Pericardial mesothelioma is one form of asbestos-related cancer. This type of mesothelioma affects the pericardium, which is the lining around the heart muscle. It is one of the least common forms of mesothelioma, which in itself is a rare disease. Pericardial tumors are typically diffuse, meaning they are not localized and tend to cover most of the heart.
Pericardial mesothelioma makes up about half of all pericardial tumors. Research states that this form of cancer accounts for approximately 1% to 6% of all mesotheliomas. This form of cancer is so seldom seen that fewer than 150 cases have been described in medical literature, and just 200 cases have been reported worldwide.
Causes of Pericardial Mesothelioma
As with other forms of mesothelioma, the cause of pericardial mesothelioma is exposure to asbestos dust and fibers. The amount and duration of asbestos exposure affect an individual’s potential risk for developing some form of mesothelioma.
When asbestos fibers are inhaled, they can stick to mucus that lines air passages in the nose and throat and can penetrate into the pleural lining of the lungs and chest wall. Over time, these fibers may break down and enter the bloodstream, eventually reaching the heart, where they lodge into its membranous lining. The lymphatic system can also play a part in spreading dangerous asbestos fibers to other parts of the body.
Asbestos fibers in the pericardium and serous membranes can cause irritation and changes in the cells that result in malignant pericardial mesothelioma, a condition in which fluid builds up in the sac around the heart.
However, researchers still do not fully understand how asbestos exposure causes pericardial mesothelioma.
Symptoms of Pericardial Mesothelioma
Being exposed to asbestos does not result in mesothelioma right away. The symptoms can take 20 to 50 years to manifest and may not even occur until the later stages of the disease. That’s why it’s important to understand the symptoms, so that diagnosis can be made as early as possible.
Many of the pericardial mesothelioma symptoms are the same as for pleural mesothelioma, and they include the following:
- Shortness of breath
- Chest pain
- Chronic cough
- Fatigue after only light exertion
- Heart palpitations
- Irregular heartbeat (arrhythmia)
- Fever or night sweats
- Difficulty breathing, even when at rest (dyspnea)
- Orthopnea (difficulty breathing when lying down)
These symptoms are a result of the fluid that is built up around the heart; they are caused by the tumor and are not direct symptoms of the mesothelioma itself. The symptoms that are specific to pericardial mesothelioma are low blood pressure, fainting, fluid retention in the legs, and heart palpitations.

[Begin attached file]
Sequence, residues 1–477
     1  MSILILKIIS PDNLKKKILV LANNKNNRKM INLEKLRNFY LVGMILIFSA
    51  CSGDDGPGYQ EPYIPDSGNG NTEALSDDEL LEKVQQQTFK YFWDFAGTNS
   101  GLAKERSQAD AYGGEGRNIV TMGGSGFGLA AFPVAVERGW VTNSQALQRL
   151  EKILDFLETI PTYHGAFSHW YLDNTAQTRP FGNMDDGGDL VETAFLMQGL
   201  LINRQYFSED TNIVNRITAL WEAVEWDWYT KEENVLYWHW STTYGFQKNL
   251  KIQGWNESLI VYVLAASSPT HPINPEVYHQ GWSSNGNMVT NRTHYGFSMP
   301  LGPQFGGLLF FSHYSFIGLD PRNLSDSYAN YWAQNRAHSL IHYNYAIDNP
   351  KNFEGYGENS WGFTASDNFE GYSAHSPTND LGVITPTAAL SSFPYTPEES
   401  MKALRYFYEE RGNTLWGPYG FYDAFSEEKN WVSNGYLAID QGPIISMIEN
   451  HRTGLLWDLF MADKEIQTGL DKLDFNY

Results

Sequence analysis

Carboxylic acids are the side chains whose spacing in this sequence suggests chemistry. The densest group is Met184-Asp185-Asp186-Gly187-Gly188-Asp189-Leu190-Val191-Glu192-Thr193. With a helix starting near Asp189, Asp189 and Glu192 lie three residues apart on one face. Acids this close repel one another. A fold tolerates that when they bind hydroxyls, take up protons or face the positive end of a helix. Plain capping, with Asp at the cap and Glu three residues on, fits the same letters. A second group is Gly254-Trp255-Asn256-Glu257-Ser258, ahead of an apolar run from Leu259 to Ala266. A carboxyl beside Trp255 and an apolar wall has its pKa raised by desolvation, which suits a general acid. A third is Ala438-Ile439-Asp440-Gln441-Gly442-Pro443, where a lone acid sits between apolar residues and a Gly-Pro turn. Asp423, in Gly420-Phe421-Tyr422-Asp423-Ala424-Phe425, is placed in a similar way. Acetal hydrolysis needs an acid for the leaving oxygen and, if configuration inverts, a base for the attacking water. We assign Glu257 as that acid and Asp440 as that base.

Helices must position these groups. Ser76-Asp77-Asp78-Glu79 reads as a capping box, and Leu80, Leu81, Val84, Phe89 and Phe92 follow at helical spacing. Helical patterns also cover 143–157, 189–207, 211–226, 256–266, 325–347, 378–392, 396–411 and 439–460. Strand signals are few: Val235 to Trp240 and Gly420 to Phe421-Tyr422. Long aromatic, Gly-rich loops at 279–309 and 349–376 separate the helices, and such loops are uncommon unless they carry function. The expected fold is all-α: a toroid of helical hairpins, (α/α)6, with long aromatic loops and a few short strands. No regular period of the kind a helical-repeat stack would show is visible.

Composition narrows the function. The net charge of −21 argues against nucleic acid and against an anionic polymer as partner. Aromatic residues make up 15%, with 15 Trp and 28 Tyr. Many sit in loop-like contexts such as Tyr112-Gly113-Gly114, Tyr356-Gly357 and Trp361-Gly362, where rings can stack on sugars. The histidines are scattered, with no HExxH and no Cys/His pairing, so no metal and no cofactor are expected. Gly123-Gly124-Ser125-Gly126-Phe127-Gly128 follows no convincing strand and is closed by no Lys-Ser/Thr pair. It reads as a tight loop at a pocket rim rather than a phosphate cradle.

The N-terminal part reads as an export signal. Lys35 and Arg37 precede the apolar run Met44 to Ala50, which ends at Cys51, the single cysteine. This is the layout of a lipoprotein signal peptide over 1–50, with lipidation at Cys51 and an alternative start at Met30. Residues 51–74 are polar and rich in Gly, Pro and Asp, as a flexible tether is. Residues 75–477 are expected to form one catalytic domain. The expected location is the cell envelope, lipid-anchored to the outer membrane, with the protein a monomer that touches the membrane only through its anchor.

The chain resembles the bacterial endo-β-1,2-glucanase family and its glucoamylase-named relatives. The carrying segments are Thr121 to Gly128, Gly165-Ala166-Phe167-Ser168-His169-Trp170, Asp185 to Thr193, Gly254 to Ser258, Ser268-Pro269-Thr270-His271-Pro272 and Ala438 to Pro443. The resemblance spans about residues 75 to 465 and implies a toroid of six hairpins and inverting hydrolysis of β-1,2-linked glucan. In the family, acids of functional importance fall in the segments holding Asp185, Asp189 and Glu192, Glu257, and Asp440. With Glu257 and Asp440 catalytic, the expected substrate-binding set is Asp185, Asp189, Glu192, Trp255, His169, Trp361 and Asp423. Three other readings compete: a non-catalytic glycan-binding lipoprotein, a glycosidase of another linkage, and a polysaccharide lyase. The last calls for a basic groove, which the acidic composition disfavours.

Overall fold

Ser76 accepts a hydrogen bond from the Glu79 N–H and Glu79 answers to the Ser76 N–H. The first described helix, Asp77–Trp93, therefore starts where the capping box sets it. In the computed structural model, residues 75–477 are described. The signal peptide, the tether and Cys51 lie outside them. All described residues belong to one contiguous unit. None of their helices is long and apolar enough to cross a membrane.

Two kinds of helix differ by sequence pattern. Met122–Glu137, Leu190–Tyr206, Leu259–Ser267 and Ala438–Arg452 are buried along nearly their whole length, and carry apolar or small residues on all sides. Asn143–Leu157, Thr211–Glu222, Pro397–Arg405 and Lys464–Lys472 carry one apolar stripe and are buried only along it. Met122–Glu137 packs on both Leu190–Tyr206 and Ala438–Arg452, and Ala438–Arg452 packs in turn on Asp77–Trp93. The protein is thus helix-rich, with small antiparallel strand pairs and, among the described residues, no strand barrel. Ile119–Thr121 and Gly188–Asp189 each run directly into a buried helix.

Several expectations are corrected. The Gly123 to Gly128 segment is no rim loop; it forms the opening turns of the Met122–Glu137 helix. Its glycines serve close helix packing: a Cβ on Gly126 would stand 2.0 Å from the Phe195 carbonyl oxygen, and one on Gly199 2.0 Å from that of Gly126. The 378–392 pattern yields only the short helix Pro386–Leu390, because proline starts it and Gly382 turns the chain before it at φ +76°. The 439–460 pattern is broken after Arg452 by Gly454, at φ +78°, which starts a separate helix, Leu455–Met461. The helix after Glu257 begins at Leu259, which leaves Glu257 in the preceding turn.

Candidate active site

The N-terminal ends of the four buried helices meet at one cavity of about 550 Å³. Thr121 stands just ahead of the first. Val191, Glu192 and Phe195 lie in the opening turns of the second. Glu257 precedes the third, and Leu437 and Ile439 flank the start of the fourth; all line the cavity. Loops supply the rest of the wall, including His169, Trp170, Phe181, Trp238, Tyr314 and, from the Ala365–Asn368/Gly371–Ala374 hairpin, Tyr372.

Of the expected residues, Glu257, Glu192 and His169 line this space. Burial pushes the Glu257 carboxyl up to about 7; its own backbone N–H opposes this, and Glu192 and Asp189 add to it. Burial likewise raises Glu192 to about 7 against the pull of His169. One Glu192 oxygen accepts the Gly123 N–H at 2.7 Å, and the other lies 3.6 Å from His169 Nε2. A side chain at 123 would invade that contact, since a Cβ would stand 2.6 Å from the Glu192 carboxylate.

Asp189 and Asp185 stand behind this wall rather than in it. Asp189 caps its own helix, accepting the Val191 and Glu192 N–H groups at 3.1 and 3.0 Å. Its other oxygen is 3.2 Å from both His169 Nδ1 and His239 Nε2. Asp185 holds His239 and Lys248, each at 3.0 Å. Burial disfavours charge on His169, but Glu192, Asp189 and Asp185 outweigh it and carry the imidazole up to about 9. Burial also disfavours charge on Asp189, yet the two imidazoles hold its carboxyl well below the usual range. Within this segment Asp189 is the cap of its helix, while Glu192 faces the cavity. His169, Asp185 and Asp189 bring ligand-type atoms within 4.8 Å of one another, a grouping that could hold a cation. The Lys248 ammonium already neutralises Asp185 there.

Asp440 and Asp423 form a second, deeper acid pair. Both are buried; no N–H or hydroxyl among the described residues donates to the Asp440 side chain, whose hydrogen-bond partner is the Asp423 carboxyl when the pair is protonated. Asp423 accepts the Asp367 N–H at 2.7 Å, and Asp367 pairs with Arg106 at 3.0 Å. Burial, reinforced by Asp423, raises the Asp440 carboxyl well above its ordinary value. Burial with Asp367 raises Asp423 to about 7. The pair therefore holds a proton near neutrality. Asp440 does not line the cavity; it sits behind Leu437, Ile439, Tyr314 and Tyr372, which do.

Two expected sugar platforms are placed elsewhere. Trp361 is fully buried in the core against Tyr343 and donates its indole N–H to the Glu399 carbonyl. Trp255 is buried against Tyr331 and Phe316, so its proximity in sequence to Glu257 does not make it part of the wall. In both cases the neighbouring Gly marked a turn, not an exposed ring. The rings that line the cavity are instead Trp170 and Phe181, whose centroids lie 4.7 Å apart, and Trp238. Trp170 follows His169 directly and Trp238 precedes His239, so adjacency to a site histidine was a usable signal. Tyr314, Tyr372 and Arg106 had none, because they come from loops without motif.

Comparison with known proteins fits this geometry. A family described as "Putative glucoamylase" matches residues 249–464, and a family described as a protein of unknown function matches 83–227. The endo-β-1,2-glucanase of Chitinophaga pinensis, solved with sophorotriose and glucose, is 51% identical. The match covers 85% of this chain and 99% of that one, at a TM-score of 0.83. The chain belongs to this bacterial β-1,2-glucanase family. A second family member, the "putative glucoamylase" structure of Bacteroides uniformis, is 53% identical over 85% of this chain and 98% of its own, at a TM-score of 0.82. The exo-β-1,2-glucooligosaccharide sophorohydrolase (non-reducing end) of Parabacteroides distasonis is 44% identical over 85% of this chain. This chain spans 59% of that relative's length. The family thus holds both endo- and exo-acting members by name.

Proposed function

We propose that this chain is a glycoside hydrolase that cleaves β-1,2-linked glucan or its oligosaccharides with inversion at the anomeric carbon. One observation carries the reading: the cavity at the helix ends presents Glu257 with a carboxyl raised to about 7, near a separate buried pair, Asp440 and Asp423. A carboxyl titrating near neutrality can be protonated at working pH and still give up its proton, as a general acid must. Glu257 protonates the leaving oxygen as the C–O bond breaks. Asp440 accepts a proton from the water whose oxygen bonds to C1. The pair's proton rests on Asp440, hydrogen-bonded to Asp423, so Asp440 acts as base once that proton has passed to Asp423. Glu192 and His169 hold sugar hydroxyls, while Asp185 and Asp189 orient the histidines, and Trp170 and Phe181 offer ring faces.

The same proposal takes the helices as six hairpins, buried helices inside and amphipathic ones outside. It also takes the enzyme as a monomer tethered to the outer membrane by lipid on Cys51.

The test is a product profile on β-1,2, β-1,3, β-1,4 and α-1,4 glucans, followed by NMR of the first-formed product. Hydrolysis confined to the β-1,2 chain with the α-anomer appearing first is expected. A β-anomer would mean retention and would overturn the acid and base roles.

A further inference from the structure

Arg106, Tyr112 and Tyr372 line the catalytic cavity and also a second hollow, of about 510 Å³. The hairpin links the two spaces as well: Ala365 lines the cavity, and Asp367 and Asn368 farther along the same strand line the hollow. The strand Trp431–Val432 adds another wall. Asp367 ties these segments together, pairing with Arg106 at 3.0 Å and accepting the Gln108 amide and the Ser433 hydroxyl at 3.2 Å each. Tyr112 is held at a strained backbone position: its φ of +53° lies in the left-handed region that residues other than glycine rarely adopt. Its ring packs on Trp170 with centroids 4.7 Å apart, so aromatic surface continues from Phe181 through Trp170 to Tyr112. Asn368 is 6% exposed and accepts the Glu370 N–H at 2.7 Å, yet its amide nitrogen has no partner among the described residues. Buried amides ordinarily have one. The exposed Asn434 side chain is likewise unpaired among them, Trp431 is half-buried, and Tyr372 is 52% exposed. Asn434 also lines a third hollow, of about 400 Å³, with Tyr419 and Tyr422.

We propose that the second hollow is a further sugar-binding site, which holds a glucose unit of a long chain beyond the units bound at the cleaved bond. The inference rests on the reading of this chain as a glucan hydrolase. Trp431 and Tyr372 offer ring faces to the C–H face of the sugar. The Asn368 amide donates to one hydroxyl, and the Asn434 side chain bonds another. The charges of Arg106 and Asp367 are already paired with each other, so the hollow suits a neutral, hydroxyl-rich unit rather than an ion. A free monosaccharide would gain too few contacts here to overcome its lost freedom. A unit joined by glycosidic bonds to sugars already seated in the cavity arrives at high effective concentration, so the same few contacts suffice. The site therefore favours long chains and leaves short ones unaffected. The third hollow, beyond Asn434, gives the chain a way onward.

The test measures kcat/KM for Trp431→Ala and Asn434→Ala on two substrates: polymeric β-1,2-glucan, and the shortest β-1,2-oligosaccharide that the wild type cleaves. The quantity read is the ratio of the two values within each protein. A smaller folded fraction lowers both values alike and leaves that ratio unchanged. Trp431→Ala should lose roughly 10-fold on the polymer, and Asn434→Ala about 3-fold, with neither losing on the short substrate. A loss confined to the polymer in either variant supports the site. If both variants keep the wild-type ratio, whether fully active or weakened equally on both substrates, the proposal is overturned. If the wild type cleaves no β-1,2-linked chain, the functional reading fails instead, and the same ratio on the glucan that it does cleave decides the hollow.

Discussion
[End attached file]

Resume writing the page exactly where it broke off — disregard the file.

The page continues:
Diagnosing the Disease
Anyone who experiences the symptoms described here should see a doctor immediately. The first part of treatment for pericardial mesothelioma is getting a fast and accurate diagnosis.
Getting an accurate diagnosis begins with a medical history, which includes questions about possible exposure to asbestos. The next logical step is to conduct imaging tests, beginning with an X-ray, to obtain an understanding of the heart’s health. After the X-ray, a CT scan and MRI will likely be conducted. A biopsy of the affected tissue is often used to confirm or rule out the presence of mesothelioma in the lining of the heart. Typically, a diagnosis of pericardial mesothelioma can be made in only about 10% to 20% of cases before the death of the patient.
Researchers are looking for new and more accurate ways to test for mesothelioma. New methods may make the chances of early detection more likely.
Treating Pericardial Mesothelioma
Treatment can begin after a confirmed diagnosis of pericardial mesothelioma. Since there is no cure for mesothelioma, treatment is limited to procedures that may prolong the patient’s life and make the patient more comfortable in the remaining time.
Treatment options for pericardial mesothelioma include radiation and chemotherapy. Surgery can be done to remove the tumors that develop around the heart.
There are also surgical procedures such as thoracentesis that are used to remove the fluid that has built up in the lining of the heart. While they do not treat the disease itself, these procedures are successful in relieving the pain that the fluid can cause.